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Hunting for Health

Dec 25, 2008
As if our health care system weren’t in enough of a shambles, look out now for a sharp increase in “health tourism,” the international hunt for the best, most affordable health care. Traffic to Southeast Asia in pursuit of medical procedures is expected to grow 20 percent a year, to become a $4 billion industry by 2012.

Deloitte Consulting has concentrated its study on Southeast Asia, though doubtless many of their findings pertain to the entire globe. Medical Tourism: The Asian Chapter (.pdf, 413Kb) reports that medical procedures in SE Asia often cost only 20 to 30 percent of what they cost in the U.S. (including transportation and accommodation), and countries such as Singapore, Thailand, India, and Malaysia are busily acquiring state-of-the-art medical equipment and facilities in order to present a credible face to the world as an alternative source of medical care.

Heart bypass surgery costs $80,000 to $130,000 in the U.S. and only $6,700 to $9,300 in India. If you were a candidate for such a procedure, among the 100 million un- or underinsured Americans, relatively sure you would receive excellent treatment in a modern facility, perhaps even operated on by a U.S. physician, what would you do?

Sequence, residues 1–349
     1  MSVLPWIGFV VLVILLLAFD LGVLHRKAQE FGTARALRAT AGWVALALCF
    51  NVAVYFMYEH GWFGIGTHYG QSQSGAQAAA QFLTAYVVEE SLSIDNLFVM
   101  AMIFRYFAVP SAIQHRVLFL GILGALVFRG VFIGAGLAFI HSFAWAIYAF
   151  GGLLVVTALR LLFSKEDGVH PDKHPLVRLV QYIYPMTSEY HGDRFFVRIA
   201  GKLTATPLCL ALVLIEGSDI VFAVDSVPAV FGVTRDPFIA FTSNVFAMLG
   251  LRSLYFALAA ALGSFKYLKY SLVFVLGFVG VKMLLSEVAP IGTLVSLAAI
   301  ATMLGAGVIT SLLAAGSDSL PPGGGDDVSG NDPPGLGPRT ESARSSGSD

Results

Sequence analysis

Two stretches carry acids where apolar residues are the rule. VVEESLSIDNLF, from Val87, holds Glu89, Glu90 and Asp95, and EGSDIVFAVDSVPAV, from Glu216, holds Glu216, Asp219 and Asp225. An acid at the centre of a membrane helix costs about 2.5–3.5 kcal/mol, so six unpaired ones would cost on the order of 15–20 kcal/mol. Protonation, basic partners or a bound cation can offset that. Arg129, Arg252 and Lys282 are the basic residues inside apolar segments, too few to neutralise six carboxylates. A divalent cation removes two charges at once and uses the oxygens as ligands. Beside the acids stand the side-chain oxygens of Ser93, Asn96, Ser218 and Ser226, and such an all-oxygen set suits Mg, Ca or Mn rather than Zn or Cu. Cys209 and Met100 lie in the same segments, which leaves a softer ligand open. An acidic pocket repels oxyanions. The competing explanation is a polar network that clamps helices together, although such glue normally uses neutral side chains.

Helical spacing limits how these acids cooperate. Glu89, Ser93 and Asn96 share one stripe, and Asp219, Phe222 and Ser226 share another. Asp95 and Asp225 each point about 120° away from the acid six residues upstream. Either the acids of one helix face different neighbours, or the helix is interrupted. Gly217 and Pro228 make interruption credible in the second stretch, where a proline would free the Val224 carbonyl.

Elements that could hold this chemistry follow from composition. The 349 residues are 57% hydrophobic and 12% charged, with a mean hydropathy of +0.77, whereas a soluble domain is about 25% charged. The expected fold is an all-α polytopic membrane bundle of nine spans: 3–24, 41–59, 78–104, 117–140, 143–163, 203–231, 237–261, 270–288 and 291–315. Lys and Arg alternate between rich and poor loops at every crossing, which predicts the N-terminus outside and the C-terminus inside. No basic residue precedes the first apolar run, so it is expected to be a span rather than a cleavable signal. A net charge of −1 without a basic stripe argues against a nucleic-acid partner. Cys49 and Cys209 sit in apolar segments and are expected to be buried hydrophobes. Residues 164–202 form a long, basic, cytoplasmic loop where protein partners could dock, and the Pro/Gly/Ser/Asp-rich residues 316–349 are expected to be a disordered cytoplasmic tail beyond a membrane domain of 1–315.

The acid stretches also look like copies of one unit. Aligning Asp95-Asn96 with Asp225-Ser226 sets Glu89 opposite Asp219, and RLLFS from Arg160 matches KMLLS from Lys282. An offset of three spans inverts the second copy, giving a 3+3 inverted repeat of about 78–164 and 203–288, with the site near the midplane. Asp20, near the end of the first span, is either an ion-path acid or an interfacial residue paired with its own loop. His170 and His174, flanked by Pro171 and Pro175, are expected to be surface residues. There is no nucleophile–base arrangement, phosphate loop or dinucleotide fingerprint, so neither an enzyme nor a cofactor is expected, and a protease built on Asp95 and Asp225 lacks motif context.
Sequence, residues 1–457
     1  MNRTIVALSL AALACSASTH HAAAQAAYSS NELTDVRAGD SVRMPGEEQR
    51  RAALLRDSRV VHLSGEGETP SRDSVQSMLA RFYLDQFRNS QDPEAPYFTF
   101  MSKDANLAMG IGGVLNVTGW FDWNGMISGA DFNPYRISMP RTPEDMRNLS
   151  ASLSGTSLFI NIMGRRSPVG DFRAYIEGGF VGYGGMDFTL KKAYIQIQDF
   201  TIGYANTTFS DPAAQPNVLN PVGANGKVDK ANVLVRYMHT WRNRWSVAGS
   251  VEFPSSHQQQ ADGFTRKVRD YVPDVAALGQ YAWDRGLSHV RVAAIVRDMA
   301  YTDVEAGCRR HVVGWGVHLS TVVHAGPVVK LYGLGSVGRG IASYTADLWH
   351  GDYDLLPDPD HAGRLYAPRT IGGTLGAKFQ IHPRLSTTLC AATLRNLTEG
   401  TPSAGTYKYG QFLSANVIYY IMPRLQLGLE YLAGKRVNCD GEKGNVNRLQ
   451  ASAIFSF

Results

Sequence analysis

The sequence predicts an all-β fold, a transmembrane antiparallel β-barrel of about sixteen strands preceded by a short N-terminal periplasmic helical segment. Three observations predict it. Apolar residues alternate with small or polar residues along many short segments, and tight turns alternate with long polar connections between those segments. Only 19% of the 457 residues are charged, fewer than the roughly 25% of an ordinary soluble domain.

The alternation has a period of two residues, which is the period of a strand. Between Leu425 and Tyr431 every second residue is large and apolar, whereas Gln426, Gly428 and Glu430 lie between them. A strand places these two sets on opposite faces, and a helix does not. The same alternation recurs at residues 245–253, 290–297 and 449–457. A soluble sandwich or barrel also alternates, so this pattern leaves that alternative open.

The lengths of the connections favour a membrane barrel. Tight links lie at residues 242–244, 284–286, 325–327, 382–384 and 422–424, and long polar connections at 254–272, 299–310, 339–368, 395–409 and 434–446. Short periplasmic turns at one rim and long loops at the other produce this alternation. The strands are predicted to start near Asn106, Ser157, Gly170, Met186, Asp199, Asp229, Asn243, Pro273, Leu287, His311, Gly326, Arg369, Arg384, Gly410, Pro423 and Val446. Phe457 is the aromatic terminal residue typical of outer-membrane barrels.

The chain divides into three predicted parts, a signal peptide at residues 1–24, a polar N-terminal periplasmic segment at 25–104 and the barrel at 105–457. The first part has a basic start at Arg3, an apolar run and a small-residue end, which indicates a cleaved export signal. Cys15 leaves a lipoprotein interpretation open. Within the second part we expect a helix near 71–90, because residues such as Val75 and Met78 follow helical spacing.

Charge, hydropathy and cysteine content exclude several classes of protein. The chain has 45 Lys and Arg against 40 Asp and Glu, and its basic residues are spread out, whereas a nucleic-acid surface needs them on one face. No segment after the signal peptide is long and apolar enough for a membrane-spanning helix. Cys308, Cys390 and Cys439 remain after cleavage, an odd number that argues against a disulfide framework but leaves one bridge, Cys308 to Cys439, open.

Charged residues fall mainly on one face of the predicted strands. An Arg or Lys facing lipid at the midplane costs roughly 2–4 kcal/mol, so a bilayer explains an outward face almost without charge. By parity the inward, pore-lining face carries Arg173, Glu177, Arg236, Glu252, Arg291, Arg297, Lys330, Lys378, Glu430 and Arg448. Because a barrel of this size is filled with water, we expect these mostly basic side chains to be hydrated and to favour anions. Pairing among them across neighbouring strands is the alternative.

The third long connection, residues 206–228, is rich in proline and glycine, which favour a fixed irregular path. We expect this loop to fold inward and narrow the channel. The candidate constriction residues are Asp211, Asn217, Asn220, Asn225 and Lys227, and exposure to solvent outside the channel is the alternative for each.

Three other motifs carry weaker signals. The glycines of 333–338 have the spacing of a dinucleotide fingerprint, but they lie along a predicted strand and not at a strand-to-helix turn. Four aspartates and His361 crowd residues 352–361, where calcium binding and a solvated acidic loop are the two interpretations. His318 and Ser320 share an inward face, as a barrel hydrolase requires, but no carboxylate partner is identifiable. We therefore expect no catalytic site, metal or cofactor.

We know we pay twice as much in this country for medical care that is of significantly less quality than that of the rest of the civilized world. (See our various posting on health care.) If our entire medical industry is not to be threatened with imploding through domestic and international pressures, the Obama administration must confront its weaknesses. When it does, we are confident that the need for universal, single-payer, federally managed health care will carry the day.
tags: Health

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